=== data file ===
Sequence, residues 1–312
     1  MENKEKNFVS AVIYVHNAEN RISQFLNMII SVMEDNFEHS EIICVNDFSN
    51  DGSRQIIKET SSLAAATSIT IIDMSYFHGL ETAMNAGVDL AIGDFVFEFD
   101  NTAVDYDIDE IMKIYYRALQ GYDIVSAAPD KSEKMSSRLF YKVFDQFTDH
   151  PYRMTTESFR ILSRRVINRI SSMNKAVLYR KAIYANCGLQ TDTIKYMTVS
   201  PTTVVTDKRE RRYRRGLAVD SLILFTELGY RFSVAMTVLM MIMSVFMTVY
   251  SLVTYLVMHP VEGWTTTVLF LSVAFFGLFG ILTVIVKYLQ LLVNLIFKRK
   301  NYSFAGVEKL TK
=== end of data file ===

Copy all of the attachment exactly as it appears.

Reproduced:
Sequence, residues 1–312
     1  MENKEKNFVS AVIYVHNAEN RISQFLNMII SVMEDNFEHS EIICVNDFSN
    51  DGSRQIIKET SSLAAATSIT IIDMSYFHGL ETAMNAGVDL AIGDFVFEFD
   101  NTAVDYDIDE IMKIYYRALQ GYDIVSAAPD KSEKMSSRLF YKVFDQFTDH
   151  PYRMTTESFR ILSRRVINRI SSMNKAVLYR KAIYANCGLQ TDTIKYMTVS
   201  PTTVVTDKRE RRYRRGLAVD SLILFTELGY RFSVAMTVLM MIMSVFMTVY
   251  SLVTYLVMHP VEGWTTTVLF LSVAFFGLFG ILTVIVKYLQ LLVNLIFKRK
   301  NYSFAGVEKL TK